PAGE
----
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Letters: Winter Sports, Both Real And Fictive

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Letters: Winter Sports, Both Real And Fictive

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Letters: Winter Sports, Both Real And Fictive

Letters: Winter Sports, Both Real And Fictive

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  • <iframe src="" width="100%" height="290" frameborder="0" scrolling="no" title="NPR embedded audio player">
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Audie Cornish and Robert Siegel read emails from listeners about the rock salt shortage, the Olympic sport of curling and a proposal for a brand-new sport fit for winter: "ice walking."


It's time now for your letters, and two corrections. Earlier this week, in a story about the Olympic sport of curling, we said curlers sweep the ice to give their team's stone more momentum. Well, that's not quite right, as many listeners pointed out. In fact, sweeping the ice melts it slightly. And that reduces the friction against the curling stone, allowing it to go farther.


Our other correction comes from Roger Day of the math department at Illinois State University. He wrote to correct something I said in my story about light bulbs. I said that the estimated life of a light bulb isn't a minimum, it's a mean. When half of a test group of bulbs dies, that is the estimated life.

Well, Professor Day wrote to say: This time measure, of course, is the median, the physical middle of a data set. A mean couldn't have been computed until all bulbs had burnt out.

Well, he is, of course, correct. But I had in mind a more generic definition of the term mean, such as the one that Merriam-Webster offers up - a middle point between two things.

CORNISH: Now to your letters. On Monday, we aired a story about rock salt shortages across the country. It turns out, it's not easy stockpiling salt in the summer, when it's available and cheap. Most local governments just don't have the room to house it.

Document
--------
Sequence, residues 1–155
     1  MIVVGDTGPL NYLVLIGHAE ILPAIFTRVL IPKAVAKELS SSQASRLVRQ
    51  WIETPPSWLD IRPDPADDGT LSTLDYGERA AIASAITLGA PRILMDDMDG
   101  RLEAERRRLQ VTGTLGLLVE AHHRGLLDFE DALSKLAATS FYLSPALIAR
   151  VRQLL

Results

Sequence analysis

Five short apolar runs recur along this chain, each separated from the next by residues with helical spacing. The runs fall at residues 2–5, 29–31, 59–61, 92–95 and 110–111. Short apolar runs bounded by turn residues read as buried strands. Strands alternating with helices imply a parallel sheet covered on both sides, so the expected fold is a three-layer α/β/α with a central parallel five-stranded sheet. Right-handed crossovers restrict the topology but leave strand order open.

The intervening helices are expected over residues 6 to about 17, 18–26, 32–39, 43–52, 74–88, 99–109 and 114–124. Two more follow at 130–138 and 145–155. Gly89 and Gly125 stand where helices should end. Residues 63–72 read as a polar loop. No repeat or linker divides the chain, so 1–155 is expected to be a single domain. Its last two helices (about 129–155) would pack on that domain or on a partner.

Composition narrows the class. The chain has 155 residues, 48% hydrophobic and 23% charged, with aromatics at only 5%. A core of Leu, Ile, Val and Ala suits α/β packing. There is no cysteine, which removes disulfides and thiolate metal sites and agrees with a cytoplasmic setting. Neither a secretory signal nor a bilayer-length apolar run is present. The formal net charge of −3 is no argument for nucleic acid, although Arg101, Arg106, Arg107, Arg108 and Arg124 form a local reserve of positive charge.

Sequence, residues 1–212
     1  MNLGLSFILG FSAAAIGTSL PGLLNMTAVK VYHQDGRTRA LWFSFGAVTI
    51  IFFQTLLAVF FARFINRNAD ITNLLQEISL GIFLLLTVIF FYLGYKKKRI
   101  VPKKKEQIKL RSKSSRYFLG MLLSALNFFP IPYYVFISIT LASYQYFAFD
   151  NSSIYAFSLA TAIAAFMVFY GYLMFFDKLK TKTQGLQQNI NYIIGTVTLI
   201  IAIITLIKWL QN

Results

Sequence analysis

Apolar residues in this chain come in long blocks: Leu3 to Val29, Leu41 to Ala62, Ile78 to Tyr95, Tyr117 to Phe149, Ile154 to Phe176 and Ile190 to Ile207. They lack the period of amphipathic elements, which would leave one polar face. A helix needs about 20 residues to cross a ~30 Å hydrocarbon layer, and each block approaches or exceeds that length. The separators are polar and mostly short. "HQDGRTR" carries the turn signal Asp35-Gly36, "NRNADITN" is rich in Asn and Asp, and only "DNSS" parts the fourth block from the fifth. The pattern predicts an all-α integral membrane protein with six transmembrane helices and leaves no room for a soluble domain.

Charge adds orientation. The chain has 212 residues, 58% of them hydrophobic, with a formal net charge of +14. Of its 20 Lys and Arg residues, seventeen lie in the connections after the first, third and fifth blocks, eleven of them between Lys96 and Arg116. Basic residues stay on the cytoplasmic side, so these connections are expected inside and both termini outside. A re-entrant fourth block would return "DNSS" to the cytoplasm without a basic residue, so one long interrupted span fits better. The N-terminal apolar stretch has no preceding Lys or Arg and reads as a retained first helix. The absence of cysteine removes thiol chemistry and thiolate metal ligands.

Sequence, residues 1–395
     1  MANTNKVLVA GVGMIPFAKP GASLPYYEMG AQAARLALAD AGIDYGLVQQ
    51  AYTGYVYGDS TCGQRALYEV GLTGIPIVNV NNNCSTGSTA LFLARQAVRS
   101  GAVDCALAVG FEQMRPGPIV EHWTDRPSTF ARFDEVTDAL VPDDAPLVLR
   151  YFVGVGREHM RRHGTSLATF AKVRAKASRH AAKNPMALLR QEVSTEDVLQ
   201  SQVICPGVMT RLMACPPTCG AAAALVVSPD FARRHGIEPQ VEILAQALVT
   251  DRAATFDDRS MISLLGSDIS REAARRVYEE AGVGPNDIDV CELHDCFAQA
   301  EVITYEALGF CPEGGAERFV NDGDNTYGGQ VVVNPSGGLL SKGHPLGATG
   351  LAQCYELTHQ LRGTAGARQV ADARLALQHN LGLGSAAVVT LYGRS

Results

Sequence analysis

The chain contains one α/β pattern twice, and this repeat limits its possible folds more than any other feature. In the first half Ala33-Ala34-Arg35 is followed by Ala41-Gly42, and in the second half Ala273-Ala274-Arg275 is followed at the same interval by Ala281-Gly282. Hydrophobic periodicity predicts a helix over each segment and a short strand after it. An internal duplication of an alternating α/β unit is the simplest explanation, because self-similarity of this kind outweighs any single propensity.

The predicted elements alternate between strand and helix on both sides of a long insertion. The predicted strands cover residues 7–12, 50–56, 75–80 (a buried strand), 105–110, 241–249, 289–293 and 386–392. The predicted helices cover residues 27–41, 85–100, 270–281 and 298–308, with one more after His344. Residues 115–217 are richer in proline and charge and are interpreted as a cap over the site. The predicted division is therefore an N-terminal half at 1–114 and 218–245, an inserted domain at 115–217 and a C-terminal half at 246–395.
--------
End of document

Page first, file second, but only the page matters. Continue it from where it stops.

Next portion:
Well, Todd Abronowitz of Wylie, Texas, writes: The next story was about the empty big-box retail outlets, and a comment was made in that story about all of the space that is available and how to re-purpose the buildings. Was it just me who can put two and two together?

SIEGEL: Meanwhile, in balmy Great Falls, Mont., listener Greg Muir writes this: Put all of those Easterners on a bus and send them out here to the banana belt; have been enjoying small amounts of snow and warmer temperatures. We have no problems with sunny days and temperatures frequently in the 30s and 40s. Oops, looks like a half an inch of snow may be coming. Have to go locate my winter survival book.

CORNISH: Our last letter comes from Toby Baker of Windsor, Colo. After the winter we've had, Baker writes that ice walking should be recognized as an Olympic sport. As she describes it, ice walking can be done in pairs; in this case with Molly, her golden retriever. The goal, just stay vertical in the rink.

SIEGEL: Also known as a driveway.

CORNISH: Or a grocery store parking lot.

SIEGEL: Without having to call 911.

CORNISH: Here's Ms. Baker in her own words.

TOBY BAKER: During our performance, there is no looking up from the ice, no connection with the audience, no eye-contact with the judges. Nope, one glance away, one break in ice concentration and the results are unexpected Hawaii 5-0s, double Mama Mia, triple grab muumuus, LOL jumps - formerly known as disasters and hello plaster cast.


CORNISH: Thanks to Toby Baker and that special guest appearance from Molly, her golden retriever. And thanks to everyone else who wrote in. Please, keep your letters coming. Go to, and click on Contact.


MATT AND KIM: (Singing) Ice melts all around me. Water down me it will, water down it will never be. Ice melts all around me. Together we will, together we will make it freeze. Searching for my left shoe ...

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